Portrait Mode is an arty photo format added to the iOS Camera app as part of the iOS 10.1 update. It is currently available for the iPhone 7 Plus, the iPhone 8 Plus and the iPhone X, because it depends on those devices' twin-lens camera setup.
Portrait Mode uses the twin-lens camera to create a much sought-after artistic depth effect, whereby the subject is in focus and the background is blurred. In photographic circles this effect is known as bokeh, and when done right it can look fantastic.
In this article we explain how to use Portrait Mode on the twin-lens iPhones, and offer a few tips that will help you take better shots using this feature. We also cover Portrait Lighting, an additional set of preset lighting filters available within Portrait Mode on the iPhone X and 8 Plus.
How to take Portrait Mode shots
Portrait Mode is accessed, like Photo, Video, Slo-Mo and the rest, via the rotating swipe menu at the bottom of the Camera app interface. (The full list of formats is now Time-Lapse, Slo-Mo, Video, Photo [default], Portrait, Square, Pano.)
Remember that Portrait Mode is only available if you've got a) a twin-lens iPhone and b) iOS 10.1 or later, so if the option isn't there then you need to either update your software or upgrade your phone.
Open the Camera app (remember you can just swipe in from the righthand edge of the Lock screen, or swipe up from the bottom of the Home screen and tap the camera icon in Control Centre), and swipe left one step in the rotating menu so that PORTRAIT is highlighted in yellow.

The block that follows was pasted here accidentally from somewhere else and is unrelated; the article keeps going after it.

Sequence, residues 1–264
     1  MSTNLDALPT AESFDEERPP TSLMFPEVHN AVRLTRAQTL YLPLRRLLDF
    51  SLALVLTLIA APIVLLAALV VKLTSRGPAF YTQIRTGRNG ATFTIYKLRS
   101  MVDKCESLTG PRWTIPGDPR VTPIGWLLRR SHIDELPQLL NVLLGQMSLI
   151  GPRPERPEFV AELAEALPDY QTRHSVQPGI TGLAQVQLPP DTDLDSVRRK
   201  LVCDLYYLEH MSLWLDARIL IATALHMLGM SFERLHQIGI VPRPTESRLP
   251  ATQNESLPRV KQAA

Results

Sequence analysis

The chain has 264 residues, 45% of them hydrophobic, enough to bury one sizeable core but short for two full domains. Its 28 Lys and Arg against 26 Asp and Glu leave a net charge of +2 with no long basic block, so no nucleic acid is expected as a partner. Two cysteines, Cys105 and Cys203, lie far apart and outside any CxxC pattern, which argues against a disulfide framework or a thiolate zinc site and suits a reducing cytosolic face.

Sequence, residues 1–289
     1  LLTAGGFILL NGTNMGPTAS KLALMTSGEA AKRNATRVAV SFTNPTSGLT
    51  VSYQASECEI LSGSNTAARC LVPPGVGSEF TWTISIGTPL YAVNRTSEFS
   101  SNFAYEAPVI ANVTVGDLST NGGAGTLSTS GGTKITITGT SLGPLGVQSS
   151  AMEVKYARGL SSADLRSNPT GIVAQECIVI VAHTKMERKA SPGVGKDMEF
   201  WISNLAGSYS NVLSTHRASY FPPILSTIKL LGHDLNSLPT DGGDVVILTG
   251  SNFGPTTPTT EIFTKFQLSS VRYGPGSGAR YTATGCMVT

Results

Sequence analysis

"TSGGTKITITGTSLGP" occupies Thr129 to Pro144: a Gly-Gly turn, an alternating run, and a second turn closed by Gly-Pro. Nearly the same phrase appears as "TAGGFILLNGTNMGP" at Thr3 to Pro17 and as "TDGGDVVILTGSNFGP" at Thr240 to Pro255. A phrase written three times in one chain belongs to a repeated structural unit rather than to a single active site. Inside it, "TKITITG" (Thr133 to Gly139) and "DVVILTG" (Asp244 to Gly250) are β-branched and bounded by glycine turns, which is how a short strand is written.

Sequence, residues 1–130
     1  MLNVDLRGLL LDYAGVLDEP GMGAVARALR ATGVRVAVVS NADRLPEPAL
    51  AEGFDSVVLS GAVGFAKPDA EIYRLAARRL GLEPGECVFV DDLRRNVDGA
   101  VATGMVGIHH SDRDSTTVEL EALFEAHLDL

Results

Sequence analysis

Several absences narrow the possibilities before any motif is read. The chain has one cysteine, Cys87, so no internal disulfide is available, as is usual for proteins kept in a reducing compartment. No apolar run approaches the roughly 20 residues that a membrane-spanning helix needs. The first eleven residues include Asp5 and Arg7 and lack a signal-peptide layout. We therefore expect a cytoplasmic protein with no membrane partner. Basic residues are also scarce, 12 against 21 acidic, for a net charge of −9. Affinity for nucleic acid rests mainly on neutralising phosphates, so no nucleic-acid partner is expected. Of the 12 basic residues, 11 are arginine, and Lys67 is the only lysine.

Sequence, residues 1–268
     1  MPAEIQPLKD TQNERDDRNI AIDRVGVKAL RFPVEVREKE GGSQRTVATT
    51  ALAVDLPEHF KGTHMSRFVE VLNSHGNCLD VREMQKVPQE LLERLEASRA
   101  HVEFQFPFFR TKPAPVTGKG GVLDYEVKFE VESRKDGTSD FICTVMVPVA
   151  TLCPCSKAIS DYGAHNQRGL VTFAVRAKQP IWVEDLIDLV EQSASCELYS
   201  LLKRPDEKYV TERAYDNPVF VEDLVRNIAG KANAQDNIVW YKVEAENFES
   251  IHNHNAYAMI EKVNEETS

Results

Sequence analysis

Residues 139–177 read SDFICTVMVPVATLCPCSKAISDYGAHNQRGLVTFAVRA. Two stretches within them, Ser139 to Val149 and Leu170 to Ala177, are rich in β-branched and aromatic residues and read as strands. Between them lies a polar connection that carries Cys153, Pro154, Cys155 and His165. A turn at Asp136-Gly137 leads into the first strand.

The app itself will offer a few tips on lighting, composition, position and so on, but you just need to tap the shutter button to take your portrait shot.
See that hexagon at the bottom, labelled Natural Light? That's the default setting for Portrait Lighting. Tap that and you'll be able to cycle through the other options - but more on Portrait Lighting later.
You can't create Live Photos with the Portrait effect, but the other options and settings are available. There is a timer: tap the clock icon at the top and tap either 3s or 10s, depending on whether you want to set a three- or ten-second timer. And you can turn flash on or off, and apply preset filters by pressing the three overlapping circles at the top right. (You can't apply these filters and Portrait Lighting effects at the same time.)
Portrait Mode tips
Portrait Mode is at heart an artistic effect, so we should probably be saying that there are no rules, experiment and be creative etc. But there are some rules, really.
You need the subject of the photo to be fairly close - the feature itself recommends 2.5 metres or less. The background, by contrast, needs to be significantly further away: the larger the gap between subject and background, the more pronounced the depth effect will be. If your subject is standing against a wall there will almost no effect at all.
Lighting is important, too. We found the effect struggles in artificial light indoors; in early morning sunlight the results were rather lovely. (We'll discuss how to add lighting effects digitally in the Portrait Lighting section, later.)
A normal shot (left) and the same shot with Portrait Mode's depth effect (right). By default iOS will keep both copies, although you can tell it not to